Paypal actually Accidently Debits a Mans Account by Approx 92 Quadrillion

It was initially reported by various news outlets that PayPal had accidentally credited $92 quadrillion to a man’s PayPal account. However, in reality, this isn’t what actually happened. What actually happened, as described on the site, was that PayPal accidentally debited the man’s account (according to his account’s statement) by approx. $92 quadrillion.

According to the article at, Chris Reynolds, aged 56 from Delaware, opened his monthly statement and saw that his ending balance was, according to the site, “$92,233,720,368,547,800”. The site quotes Reynolds as saying, “I’m just feeling like a million bucks” (after thinking he had $92 quadrillion!), he said “At first I thought that I owed quadrillions. It was quite a big surprise.”

In fact, when Chris Reynolds stated, “At first I thought that I owed quadrillions”, that was actually what his monthly statement was showing. For as shown on Daily, which confirms that he would in fact have been in debt, as well as on the Sun site, which despite showing the negative balance, still reports it erroneously as a credit, there was a minus sign in front of the $92 quadrillion figure. Obviously, the minus sign shows that it was a debit of $92 quadrillion and not a credit.

So as his balance showed an approximate $92 quadrillion debt rather than credit, if that really was his actual balance, he wouldn’t have been the world’s richest man, but instead would have been the world’s most heavily indebted man.

Where did the $92 quadrillion figure come from?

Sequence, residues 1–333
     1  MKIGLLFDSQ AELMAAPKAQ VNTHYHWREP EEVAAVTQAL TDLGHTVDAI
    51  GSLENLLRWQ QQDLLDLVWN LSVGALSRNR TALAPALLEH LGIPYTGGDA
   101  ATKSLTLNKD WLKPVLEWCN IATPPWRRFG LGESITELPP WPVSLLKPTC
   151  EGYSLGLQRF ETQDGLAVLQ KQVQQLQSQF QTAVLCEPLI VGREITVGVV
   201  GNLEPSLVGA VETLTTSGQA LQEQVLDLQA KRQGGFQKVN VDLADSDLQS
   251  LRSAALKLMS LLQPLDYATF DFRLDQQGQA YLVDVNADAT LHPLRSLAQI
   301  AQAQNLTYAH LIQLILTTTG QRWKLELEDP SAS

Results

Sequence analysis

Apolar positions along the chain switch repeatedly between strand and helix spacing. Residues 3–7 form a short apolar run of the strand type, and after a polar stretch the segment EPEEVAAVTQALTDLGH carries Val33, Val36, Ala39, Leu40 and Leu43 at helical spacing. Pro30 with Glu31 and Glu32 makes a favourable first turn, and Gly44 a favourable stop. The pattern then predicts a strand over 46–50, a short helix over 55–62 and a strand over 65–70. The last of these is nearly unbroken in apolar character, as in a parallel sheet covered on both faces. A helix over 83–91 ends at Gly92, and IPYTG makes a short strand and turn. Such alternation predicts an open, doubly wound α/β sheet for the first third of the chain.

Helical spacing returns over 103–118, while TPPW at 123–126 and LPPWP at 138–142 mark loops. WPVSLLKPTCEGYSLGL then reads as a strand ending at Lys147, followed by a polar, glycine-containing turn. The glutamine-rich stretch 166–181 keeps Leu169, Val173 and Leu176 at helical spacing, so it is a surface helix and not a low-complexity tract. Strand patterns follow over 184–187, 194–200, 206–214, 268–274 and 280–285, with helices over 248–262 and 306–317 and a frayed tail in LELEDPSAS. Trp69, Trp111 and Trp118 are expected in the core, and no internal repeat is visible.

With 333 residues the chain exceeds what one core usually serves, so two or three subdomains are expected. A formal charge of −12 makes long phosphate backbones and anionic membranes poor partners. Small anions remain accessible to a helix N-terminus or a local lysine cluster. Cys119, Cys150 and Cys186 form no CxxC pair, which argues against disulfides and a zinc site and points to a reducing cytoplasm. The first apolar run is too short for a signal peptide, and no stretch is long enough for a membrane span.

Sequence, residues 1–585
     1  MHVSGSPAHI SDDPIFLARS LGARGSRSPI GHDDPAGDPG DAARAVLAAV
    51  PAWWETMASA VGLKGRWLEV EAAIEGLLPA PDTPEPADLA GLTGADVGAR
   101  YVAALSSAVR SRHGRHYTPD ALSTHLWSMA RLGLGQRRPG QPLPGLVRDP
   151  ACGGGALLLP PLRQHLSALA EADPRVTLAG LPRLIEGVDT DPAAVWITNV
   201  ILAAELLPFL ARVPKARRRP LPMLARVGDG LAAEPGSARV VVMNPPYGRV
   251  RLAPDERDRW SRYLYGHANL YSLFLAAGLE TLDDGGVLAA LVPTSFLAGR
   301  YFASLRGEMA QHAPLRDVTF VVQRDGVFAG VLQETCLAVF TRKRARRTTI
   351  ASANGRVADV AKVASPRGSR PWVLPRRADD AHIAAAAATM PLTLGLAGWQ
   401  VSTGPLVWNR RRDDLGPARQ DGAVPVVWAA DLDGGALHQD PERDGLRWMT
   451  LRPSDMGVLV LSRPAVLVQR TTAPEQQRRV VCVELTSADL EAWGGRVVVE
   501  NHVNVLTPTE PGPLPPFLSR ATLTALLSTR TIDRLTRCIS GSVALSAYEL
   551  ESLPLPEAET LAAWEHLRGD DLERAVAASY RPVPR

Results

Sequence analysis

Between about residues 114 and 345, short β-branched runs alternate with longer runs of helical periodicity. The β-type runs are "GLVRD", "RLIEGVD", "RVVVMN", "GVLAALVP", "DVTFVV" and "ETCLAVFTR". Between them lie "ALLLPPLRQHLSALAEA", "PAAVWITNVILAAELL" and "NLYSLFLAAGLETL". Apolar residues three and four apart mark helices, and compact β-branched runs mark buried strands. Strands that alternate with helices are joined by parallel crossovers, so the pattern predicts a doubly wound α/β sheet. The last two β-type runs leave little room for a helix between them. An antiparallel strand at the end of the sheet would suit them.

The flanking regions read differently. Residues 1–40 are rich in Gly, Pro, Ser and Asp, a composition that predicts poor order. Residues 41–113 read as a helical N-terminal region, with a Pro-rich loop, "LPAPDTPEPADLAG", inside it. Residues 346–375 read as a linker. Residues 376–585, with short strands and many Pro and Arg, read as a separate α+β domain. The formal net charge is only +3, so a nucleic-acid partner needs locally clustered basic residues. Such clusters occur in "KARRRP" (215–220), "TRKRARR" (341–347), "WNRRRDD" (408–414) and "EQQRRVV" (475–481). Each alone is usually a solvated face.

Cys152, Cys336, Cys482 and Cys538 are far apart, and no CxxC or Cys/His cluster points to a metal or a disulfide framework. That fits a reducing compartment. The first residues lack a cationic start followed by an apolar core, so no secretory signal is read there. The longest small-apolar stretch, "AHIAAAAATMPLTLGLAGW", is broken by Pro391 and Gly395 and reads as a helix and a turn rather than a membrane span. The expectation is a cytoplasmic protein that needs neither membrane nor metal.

Obviously PayPal made the debit of approximately $92 quadrillion in error, but why this figure, and not a totally different figure? No news site seems to have reported on the significance of this $92 quadrillion value.

The $92 quadrillion figure is due to how computers store numeric values. For example, if we look at the data types available in SQL (as stated on the site, “SQL is a standard language for accessing and manipulating databases”), it shows that the BIGINT integer type allows values from -9223372036854775808 to 9223372036854775807.

If we look at the C++ computer programming language, it shows that _I64_MIN is -9223372036854775808, which is a definition of the lowest number that can be stored in a signed 64 bit integer on a computer, which is calculated as 0-(2^63). Note that one of the bits is used to store the sign (ie. whether the number is positive or negative).

We can see that the figure shown on the statement (-92233720368547800.00), minus the lowest value it is possible to store in a signed 64 bit integer (-92233720368547758.08 – if the figure, in cents, is stored as a whole number in a 64 bit integer type), is a difference of only -41.92. Of course this doesn’t tell exactly how this value came to be debited from this man’s account, and PayPal hasn’t given the reason for the error, but it could have been due to an uninitialised or corrupted variable (such as it’s value being overwritten by something else in memory), or similar programming error.

So what can be learned from this is that all computer software, including updates, should be fully tested before going live. Values should be validated and checks added to prevent such errors. After all, no one wants to be debited 92 quadrillion dollars!